Family tree

Lucy Parker Jacobs (née Binney)

Father and mother: Stephen Binney and Emily Pryor

Dates: 1834-?

Married: Dr. Henry Augustus Jacobs (?-1880), 21 October 1872

Children: none

See 1881 census entry.

Other facts: Her father, Stephen Binney, did not like Dr Jacobs before the marriage, and hoped that the engagement would be broken off (see Stephen Binney's letter). He also is dismissive of Lucy, saying "Lucy .. although willing enough [is] of no great assistance, as you are aware."

Lucy's letter mentions the Doctor several times, although her hand-writing is so bad that you can't always work out exactly what she is saying. That letter gives some idea of Lucy's character. She seems to be interested in details about the house, and descriptions of what people were doing. She mentions far more people's names than the other letters; I wonder if Emily (her sister, the recipient of the letter) knew who she was talking about!

From Provincial Archives of New Brunswick:
Saint John Daily Telegraph of October 25 1872: m. Parish Church of St. George, Moncton, by Rev. George S. Jarvis, D.D., Dean Rural, assisted by Rev. William Walker, Jr., A.B., Rector, Henry A. JACOBS, Esq., M.D. / Lucy Parker BINNEY eldest d/o late Stephen BINNEY, Esq., same parish. There is a marriage bond which seems to give the date as the 21st October 1872, I think.

Lucy Parker Jacobs (née Binney)
Family photo

In the first letter from Emily Binney, 28th May 1874, there are several references to Lucy (called Loo's). Her mother seems to be partly exasperated by Lucy's behaviour and partly proud of her. Lucy is married to her Doctor by this time, but her mother seems cautious of him. She carefully only visits Lucy when the Doctor is out, and she doesn't refer to the Doctor by his first name. Lucy is 'doing up' the house, apparently with great energy and enjoyment.

From Provincial Archives of New Brunswick:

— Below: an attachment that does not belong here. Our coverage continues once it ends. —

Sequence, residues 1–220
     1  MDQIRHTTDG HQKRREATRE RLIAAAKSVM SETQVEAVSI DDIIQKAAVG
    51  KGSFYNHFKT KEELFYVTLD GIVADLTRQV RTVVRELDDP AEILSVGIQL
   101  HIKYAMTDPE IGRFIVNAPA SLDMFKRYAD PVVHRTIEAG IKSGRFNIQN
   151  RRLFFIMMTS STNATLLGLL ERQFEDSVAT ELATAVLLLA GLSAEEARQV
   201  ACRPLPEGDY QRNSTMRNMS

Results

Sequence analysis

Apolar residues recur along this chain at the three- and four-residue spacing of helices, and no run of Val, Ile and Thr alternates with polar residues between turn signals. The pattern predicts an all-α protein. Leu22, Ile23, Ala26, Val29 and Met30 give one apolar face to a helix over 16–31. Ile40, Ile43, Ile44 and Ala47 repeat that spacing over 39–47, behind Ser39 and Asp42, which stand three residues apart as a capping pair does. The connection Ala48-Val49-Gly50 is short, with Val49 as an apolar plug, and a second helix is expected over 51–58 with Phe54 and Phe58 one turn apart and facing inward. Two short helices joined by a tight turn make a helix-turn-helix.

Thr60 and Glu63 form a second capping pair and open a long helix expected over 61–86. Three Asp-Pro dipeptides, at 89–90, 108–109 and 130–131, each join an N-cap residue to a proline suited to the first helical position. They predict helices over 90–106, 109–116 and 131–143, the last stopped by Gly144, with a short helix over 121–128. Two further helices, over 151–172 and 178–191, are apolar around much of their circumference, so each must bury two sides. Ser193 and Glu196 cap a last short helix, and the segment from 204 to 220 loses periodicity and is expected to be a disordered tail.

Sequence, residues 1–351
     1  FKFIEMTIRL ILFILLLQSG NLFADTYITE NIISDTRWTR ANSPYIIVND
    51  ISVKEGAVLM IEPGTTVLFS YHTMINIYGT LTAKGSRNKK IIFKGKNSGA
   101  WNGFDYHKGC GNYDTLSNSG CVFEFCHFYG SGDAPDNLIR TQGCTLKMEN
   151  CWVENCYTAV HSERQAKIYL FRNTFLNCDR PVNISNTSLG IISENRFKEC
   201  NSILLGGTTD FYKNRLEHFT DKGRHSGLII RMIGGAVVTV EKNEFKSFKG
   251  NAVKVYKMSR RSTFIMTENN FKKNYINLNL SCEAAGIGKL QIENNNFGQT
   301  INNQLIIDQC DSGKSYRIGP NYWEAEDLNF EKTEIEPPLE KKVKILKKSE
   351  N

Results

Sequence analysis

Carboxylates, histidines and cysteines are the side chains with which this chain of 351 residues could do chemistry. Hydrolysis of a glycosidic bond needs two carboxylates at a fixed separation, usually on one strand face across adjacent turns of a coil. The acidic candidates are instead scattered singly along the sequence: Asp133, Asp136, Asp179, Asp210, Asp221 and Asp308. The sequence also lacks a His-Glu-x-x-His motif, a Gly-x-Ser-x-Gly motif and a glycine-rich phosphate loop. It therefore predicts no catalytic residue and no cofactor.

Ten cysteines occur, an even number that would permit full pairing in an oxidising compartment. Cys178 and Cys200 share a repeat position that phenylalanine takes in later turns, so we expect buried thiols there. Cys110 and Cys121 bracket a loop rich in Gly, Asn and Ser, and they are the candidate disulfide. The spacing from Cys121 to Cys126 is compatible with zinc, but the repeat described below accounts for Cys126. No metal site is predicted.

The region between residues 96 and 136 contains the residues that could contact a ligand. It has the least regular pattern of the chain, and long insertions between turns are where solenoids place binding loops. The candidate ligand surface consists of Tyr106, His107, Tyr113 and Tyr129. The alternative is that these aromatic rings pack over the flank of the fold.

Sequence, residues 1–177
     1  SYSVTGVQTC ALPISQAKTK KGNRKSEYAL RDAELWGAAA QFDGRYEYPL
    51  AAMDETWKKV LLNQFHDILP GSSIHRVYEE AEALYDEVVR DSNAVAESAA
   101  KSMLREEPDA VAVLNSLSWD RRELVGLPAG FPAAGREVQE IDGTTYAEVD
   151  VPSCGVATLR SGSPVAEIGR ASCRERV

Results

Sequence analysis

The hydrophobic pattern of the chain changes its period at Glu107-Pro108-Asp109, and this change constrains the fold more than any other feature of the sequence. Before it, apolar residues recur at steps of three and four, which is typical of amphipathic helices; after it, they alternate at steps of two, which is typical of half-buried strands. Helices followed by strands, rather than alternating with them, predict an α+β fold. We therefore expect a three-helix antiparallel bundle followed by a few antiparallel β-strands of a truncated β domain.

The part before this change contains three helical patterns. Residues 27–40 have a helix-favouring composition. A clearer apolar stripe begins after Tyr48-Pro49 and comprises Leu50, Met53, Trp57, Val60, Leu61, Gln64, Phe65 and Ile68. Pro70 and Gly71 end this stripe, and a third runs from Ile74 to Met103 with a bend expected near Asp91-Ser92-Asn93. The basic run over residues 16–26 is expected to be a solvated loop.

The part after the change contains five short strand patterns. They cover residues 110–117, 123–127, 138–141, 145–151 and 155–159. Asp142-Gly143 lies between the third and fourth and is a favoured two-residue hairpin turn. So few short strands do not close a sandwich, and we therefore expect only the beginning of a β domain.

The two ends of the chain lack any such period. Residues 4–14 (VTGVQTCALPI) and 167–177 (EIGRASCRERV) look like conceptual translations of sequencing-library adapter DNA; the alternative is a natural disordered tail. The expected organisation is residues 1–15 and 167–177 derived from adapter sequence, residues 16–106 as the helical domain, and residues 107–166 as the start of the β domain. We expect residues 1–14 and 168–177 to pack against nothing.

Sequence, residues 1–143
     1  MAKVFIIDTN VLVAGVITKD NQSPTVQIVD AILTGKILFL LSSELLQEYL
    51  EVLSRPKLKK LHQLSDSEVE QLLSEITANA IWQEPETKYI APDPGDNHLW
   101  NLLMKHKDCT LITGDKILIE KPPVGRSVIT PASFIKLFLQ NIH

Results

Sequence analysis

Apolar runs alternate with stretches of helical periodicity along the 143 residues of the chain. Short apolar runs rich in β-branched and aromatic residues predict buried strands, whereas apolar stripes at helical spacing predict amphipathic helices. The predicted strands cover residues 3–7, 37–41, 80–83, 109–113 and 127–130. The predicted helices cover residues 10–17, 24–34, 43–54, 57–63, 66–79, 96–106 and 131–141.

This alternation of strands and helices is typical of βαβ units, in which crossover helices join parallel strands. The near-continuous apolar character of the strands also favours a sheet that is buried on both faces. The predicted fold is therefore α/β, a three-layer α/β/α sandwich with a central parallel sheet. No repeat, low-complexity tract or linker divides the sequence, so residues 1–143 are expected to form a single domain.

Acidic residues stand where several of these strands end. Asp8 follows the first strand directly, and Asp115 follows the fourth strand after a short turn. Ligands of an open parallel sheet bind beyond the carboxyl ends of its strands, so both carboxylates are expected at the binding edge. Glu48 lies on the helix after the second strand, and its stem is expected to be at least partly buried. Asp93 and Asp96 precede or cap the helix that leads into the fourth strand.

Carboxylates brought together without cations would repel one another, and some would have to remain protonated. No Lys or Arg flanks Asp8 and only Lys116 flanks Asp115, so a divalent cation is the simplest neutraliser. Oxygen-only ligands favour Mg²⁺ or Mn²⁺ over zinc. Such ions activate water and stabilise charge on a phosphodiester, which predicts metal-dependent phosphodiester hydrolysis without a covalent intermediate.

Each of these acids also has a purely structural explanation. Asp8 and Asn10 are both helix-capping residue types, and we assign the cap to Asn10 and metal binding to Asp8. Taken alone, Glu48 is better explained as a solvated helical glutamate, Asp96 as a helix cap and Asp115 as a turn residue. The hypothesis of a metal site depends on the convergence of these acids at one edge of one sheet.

Moncton Times of December 9 1880: d. At his residence 8th inst., Henry Augustus JACOBS, M.D., age 48, eldest s/o late Godfrey JACOBS, M.D. of Lunenburg, N.S. Funeral Friday half past 1 o'clock.

The 1881 Canadian Census shows that Lucy had returned to live with her mother and brother by then. What is more, although specified as a widow, she has decided to call herself Binney again. Perhaps the father was right! But we must be careful not to read too much into this. The photo, and her mother's will refers to her as Lucy Jacobs.

In the second letter from Emily Binney, Lucy seems to be far quieter. The letter says "We are without a Servant and no prospect of getting one as yet. Lucy is almost worn out household duties."

The letters from Irwine Binney written after their mother's death say that "Lucy and I purpose living along together in a quiet way." Irwine emphasises several times how quiet the house seems with just the two of them. This seems a great change from when Lucy was young and a whirl of energy. Irwine Binney's obituary mentions his sister Lucy who had been living with him and his wife. This is in 1912, when Lucy would have been 77. The letter of Sarah Ketchum written after Irwine Binney's death suggests that Lucy Jacobs resented Irwine's marriage and disliked his wife. However, Sarah Ketchum assumed that Lucy was going to carry on living with her sister-in-law.

From Genealogy of the Binney Family in the United States collected by Charles J. F. Binney (published in 1886):
Lucy Parker [Binney], b. Dec. 1834; m. Dr. Henry Augustus Jacobs, of Moncton, Oct. 22, 1872. He d. Dec. 7, 1880, no issue.